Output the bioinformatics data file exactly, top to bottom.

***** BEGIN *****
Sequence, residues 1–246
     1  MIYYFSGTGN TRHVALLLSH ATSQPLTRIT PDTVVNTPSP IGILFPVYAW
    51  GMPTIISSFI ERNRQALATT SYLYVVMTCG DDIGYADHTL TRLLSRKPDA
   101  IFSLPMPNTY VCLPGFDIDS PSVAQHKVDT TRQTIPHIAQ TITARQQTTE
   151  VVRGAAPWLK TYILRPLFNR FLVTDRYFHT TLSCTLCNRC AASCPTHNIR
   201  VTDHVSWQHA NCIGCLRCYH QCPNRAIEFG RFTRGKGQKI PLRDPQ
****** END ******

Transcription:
Sequence, residues 1–246
     1  MIYYFSGTGN TRHVALLLSH ATSQPLTRIT PDTVVNTPSP IGILFPVYAW
    51  GMPTIISSFI ERNRQALATT SYLYVVMTCG DDIGYADHTL TRLLSRKPDA
   101  IFSLPMPNTY VCLPGFDIDS PSVAQHKVDT TRQTIPHIAQ TITARQQTTE
   151  VVRGAAPWLK TYILRPLFNR FLVTDRYFHT TLSCTLCNRC AASCPTHNIR
   201  VTDHVSWQHA NCIGCLRCYH QCPNRAIEFG RFTRGKGQKI PLRDPQ